There is nothing like looking down from a raven’s eyrie to blow the cobwebs away (and to make you shiver as you look over the edge).
I got the chance to do both in mid-March this year, when I was asked to advise about how to conserve ravens at a site in the midlands. The building is due for demolition and the site owners are very keen to do as much as possible to conserve the wildlife on their site.
Unlike the ravens close to where I live in the Forest of Bowland, which often nest on cliffs, this pair had chosen a tall building on an industrial site. In fact, as long-lived birds, they may have nested there for a long time. I found 6 nests altogether, but only one showed signs of occupation.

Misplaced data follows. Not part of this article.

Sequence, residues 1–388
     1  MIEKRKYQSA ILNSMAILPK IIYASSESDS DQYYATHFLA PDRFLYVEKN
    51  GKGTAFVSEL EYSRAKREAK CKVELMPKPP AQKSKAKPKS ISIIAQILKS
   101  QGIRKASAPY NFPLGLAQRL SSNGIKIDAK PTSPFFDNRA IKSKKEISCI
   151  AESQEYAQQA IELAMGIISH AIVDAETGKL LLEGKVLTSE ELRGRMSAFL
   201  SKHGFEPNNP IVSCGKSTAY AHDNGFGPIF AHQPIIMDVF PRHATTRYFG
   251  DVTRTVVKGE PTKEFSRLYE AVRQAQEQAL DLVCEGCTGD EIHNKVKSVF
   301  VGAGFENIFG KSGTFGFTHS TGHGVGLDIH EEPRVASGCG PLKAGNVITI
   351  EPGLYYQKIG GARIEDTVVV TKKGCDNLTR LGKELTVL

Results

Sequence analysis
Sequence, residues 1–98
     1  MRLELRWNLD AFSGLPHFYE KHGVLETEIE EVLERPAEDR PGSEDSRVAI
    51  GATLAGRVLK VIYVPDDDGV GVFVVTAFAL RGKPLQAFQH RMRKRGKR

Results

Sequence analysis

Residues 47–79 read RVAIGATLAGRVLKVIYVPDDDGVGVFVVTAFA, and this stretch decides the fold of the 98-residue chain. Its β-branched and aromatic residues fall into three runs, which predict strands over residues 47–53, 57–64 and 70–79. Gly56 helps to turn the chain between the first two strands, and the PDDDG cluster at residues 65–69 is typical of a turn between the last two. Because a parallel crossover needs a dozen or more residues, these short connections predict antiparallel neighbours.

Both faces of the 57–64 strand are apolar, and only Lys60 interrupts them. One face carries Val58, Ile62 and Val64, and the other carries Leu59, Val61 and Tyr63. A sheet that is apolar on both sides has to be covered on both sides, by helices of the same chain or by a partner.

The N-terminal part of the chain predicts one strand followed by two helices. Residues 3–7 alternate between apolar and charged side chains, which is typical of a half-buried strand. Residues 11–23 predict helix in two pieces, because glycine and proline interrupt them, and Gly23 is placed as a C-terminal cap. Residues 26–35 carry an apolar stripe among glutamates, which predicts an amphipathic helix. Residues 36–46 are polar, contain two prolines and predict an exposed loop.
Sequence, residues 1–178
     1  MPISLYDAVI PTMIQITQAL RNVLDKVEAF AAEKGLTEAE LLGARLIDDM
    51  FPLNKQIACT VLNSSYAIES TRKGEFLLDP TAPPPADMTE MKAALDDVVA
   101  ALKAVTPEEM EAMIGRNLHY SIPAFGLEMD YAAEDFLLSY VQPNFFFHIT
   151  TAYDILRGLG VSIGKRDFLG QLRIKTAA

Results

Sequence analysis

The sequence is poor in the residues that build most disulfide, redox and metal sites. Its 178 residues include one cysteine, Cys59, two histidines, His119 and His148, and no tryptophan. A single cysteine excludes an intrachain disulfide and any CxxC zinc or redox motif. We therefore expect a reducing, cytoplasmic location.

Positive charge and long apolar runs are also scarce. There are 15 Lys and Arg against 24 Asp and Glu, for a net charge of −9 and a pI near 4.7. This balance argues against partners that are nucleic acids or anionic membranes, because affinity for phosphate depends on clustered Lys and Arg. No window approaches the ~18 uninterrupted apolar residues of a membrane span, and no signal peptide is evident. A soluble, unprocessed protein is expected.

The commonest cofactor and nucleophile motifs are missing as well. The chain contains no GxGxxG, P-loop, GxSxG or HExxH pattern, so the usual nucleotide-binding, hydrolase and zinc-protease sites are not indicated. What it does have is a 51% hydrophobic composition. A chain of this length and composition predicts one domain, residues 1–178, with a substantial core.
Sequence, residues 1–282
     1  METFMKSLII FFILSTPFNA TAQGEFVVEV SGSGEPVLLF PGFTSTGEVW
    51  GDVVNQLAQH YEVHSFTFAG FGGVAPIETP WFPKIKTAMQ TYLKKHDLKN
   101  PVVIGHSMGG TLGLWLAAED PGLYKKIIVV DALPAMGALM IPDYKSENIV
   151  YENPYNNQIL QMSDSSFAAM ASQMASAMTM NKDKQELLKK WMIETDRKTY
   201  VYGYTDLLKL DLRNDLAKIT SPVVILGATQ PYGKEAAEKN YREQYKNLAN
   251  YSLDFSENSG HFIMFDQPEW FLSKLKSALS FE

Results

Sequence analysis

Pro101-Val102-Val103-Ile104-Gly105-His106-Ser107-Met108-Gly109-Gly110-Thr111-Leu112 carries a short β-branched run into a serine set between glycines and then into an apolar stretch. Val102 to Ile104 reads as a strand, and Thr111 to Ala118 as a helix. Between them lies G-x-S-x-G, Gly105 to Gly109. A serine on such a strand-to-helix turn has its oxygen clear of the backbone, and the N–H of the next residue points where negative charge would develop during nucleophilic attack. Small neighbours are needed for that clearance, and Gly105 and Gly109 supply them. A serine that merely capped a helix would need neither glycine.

After spending a fair amount of time climbing up and down ladders and steps, I was able to get into a position to observe the birds without disturbance. As soon as each nest was clear, I had a quick look for signs of recent occupation. One of the nests had 6 eggs – bingo!
So, the job is now to observe carefully, identify alternative nesting sites and work up a plan of action.
Watch this space for updates as things progress.